Your vote matters
In the UK, you have to be over 18 to vote, but that isn’t the case in Jersey. If you are 16 or over and have lived in Jersey for either the last 2 years or the last 6 months plus a period totalling 5 years then, regardless of your nationality, you can vote in Jersey elections.
You may not think that it is important to vote in the next election. After all, haven’t you got enough on your plate already?
But, when you think about it, at 16 you can legally:
- Give full consent to medical treatment
- Leave school and enter work or training
- Obtain welfare benefits in your own right
- Consent to sexual relationships
- Get married
- Change your name by deed poll
- Become a director of a company
- Become a member of a trade union
- Join the armed forces
Pretty serious stuff. If our society will let you do these things, shouldn’t you have a right to say who governs society?
The States of Jersey
Your vote gives you the power to decide who will represent you in the States Assembly and:
- Debate and decide issues of public importance
- Represent the people of Jersey
- Pass laws and regulations
- Approve the way that the Island’s income from taxpayers is spent on public services
- Appoint a Council of Ministers (Executive) to be responsible for overseeing public services such as the hospital, schools and transport
- Appoint a Public Accounts Committee and Scrutiny Panels to hold the Executive to account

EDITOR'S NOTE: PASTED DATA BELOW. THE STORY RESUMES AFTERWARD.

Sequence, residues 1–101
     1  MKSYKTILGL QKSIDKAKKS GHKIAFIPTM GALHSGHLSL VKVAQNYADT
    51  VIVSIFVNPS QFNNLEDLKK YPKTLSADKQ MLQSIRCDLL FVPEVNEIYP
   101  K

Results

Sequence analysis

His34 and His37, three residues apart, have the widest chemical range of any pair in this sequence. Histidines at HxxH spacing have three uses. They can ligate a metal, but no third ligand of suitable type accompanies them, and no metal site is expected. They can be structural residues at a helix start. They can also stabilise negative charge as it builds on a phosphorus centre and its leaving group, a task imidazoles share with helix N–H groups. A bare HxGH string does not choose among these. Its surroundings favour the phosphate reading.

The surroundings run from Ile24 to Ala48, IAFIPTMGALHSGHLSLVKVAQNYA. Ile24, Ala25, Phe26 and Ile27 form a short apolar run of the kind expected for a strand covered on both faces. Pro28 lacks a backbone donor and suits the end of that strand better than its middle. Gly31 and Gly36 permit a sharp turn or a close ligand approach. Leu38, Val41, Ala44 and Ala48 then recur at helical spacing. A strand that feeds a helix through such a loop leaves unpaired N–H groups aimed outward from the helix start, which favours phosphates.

- Determine policy
- Consider petitions
Who can I vote for?
The elected members of the States of Jersey Assembly are Senators, Connétables (Constables) and Deputies. The only difference between them is the way in which they are elected – when they are in the States Chamber their votes are of equal importance.
Senators are elected to represent the whole of the Island. You can vote for up to a maximum of 8 Senators, no matter which Parish you live in.
Each Parish is led by a Connétable (also known as a Constable). The Connétable has a dual role as both head of the Parish and member of the States of Jersey. You can only vote for one of the candidates standing for Connétable in the Parish where you live.
There are 29 Parish Deputies who represent the interests of their Parishes in the States as well as engaging in wider issues affecting the whole Island. Some Parishes with a large population have more than one Deputy and some, for example St. Helier, are divided into Districts. Parishes with smaller populations have only one Deputy for the whole Parish. You can only vote for candidates who are standing for Deputy in the Parish or District where you live.
How do I vote?
Am I registered?
First you will need to check whether your name is on the electoral register in your Parish. Contact your Parish Hall to find out.
Check out the Candidates
You can check out all the candidates who are standing for election on this website. There will be candidates with opinions that are similar to yours. If you don’t vote for those candidates, don’t expect them to get elected. Choose which candidates you would like to represent you in the States Assembly and vote for them.